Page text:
Alpe-Adria Trail Stage 3
Starting point: Döllach, Austria
Ending point: Marterle, Austria
Stage distance: 17.97 km / 11.16 mi
Total distance: 43.71 km / 27.15 mi
Stage time: 5 hours, 38 minutes
Average pace: 18:50 min / km
Alpe-Adria Trail Stage 4
Starting point: Marterle, Austria
Ending point: Just short of Stall, Austria
Stage distance: 8.14 km / 5.0 mi
Total distance: 51.85 km / 32.15 mi
Stage time: 2 hours, 46 minutes
Average pace: 20:25 min / km
I’m impressed with what my body does on an average day: Walk, run, stretch, bend, lift, balance.
But on a long-distance trek like this one, I am truly in awe of its capabilities.
During the first few days, I can always tell which muscles have been underused and which tendons need to be stretched.
Going downhill, my thighs burn. Heading uphill, my calves go to work. My boots reshape to my feet while my backpack’s straps and belt find their rightful spots on my hips, collarbone, and shoulders.
Hiking like this, I become much more aware of my body. I clean cuts, keep an eye on toenails that might fall off, and properly lift my bag on and off to avoid straining my back.
Obviously I want to look up and take in the view, but I also make a very conscious and careful effort to take proper steps, especially on uneven terrain or late in the day when my body is tired. A single twisted knee or ankle could put an end to everything.
The third stage of our hike was our longest yet. For several miles we gradually ascended up switchbacks. This turned into a brutally steep climb up a forest path strewn with tree roots, loose dirt, and dangerous drop-offs.
In instances like this, we know to dig deep, to find a pace that fits us as individuals and just start walking. One step at a time, no stopping. Taking more than a few seconds to pause, get a drink of water, or rest resets the body back to zero. It is best to find and maintain that aerobic pace and just keep walking.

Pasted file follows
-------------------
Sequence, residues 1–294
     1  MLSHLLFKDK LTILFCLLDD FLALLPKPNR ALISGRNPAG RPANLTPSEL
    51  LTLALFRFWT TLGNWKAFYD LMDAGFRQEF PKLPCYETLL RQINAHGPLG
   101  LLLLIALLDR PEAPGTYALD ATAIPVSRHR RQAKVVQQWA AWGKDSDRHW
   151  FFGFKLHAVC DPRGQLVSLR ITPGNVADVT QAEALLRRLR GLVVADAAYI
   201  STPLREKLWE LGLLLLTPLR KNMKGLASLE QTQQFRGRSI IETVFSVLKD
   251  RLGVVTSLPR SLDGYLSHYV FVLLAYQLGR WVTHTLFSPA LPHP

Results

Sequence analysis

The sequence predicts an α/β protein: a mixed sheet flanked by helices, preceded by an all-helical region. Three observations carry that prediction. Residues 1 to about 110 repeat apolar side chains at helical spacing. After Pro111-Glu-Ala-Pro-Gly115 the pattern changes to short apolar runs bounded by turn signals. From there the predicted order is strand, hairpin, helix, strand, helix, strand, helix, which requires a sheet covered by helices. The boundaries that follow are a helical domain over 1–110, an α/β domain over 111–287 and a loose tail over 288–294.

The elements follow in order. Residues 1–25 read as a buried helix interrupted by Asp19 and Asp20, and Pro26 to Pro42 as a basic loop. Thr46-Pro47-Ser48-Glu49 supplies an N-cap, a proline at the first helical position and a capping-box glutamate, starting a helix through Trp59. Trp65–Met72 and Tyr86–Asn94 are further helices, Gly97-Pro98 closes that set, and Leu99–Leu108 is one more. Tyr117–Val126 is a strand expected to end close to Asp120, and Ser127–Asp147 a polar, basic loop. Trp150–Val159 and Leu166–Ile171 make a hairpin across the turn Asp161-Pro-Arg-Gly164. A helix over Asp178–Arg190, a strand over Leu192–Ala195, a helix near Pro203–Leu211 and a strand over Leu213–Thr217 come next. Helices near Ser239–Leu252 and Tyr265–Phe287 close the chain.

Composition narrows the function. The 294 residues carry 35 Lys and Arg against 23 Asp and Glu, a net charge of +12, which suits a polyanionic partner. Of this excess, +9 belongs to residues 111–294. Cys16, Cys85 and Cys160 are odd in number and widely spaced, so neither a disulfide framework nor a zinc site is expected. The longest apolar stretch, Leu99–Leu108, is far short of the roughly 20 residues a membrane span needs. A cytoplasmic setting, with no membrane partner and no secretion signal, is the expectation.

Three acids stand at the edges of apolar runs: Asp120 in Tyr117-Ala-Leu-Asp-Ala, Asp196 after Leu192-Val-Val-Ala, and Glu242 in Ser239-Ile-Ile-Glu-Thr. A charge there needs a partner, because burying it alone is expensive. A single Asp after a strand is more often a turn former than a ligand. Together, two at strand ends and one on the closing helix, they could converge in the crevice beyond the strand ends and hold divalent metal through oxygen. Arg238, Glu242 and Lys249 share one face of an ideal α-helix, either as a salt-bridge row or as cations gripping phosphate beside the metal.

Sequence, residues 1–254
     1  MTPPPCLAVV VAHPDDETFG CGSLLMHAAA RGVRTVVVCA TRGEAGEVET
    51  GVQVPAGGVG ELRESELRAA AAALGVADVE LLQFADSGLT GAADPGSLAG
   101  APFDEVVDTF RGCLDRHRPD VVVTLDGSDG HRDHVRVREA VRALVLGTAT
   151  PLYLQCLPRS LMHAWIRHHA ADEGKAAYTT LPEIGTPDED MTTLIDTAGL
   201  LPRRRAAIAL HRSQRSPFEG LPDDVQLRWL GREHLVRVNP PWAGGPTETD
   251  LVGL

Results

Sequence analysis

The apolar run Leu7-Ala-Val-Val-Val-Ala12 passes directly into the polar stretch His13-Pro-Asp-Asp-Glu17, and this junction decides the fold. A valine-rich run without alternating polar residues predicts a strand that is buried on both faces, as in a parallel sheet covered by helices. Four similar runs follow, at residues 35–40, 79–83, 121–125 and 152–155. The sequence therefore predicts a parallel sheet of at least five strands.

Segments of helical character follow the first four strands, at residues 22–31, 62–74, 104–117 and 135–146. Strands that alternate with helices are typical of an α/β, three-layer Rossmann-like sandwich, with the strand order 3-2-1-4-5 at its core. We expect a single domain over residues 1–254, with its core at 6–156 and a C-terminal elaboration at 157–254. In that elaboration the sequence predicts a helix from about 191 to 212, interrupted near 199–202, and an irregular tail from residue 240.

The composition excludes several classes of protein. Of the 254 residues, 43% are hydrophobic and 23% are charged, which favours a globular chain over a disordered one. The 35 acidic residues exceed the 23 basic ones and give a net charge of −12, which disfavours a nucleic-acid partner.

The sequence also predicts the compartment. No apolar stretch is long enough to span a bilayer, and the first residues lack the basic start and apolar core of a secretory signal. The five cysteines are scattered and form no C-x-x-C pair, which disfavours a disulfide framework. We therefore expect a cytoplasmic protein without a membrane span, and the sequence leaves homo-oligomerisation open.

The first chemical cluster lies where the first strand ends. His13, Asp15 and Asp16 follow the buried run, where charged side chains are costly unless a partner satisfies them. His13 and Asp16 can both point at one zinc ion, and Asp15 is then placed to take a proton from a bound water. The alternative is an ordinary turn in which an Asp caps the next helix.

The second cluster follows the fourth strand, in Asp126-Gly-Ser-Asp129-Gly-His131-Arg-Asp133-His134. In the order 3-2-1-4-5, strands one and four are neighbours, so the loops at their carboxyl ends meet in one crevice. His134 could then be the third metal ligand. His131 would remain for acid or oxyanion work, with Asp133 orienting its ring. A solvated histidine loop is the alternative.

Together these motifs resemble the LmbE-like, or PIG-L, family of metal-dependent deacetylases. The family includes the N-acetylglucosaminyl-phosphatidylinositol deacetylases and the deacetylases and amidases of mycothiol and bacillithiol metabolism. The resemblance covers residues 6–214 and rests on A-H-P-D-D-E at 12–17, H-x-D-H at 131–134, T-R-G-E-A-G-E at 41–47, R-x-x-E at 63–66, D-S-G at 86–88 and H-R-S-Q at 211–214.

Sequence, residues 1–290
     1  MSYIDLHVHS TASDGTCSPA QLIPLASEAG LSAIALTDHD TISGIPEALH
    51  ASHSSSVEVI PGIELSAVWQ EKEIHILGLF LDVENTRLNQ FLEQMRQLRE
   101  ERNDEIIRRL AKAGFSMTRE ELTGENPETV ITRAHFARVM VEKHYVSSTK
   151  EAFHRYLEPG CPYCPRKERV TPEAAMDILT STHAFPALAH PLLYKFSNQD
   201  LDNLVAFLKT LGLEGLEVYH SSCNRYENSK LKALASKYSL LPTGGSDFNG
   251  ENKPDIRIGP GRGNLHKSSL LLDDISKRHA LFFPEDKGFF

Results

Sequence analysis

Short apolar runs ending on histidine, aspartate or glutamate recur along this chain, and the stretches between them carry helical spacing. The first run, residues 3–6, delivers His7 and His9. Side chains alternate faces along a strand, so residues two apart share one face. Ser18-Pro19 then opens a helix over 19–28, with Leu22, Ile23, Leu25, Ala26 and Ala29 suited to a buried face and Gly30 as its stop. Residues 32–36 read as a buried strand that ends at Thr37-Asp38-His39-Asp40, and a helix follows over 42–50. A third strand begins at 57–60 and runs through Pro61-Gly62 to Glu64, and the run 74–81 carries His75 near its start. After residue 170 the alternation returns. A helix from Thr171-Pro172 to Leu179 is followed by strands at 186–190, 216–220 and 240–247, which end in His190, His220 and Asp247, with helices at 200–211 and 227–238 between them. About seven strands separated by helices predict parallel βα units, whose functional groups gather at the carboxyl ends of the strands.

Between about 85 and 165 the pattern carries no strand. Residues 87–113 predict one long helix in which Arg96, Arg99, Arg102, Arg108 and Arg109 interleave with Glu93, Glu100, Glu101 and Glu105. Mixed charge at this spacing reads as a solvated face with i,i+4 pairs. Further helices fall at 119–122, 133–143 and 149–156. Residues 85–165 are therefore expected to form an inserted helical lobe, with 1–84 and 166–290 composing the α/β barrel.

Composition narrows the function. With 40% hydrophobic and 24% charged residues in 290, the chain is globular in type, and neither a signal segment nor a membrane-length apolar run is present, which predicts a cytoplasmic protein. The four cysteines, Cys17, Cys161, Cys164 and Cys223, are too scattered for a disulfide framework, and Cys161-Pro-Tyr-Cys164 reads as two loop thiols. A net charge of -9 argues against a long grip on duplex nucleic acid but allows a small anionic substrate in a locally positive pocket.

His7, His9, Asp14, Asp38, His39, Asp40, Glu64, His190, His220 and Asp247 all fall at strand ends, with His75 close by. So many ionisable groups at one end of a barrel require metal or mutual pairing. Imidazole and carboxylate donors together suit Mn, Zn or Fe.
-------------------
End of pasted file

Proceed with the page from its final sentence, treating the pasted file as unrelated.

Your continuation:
Reaching the top, we were both drenched in sweat, satisfied with the achievement and thankful it was over. How truly awesome that our bodies can complete such a arduous task.
Stage four was different still, with long walks through farmland. Though not strenuous in ascents or descents, we had to carefully maneuver under electric fences and over barbed wire. Sometimes we removed our packs before attempting agricultural gymnastics. Other times, we employed gentle footwork and precise balance with our backpacks in place.
Every time we take our backpacks off, we have to readjust clothing and straps to get everything back into proper position. Even though our backpacks appear heavy — and it’s true that they certainly aren’t light — they become part of our bodies when we hike. As an extension of myself, I am aware of my bag, but I’m aware of it just as I am aware of my feet in my boots, my thighs when I take steps, my hands wrapped around my pole handles, and the sweat on the back of my neck.
The truth is the human body is incredibly powerful, if you give it room to be. After a few days, those underused muscles warm up and the tendons stretch out. It becomes easier to feel the aches that actually signal something is wrong.
And in these moments, when I give my body room to move in all the ways it can, I remember how strong I really am.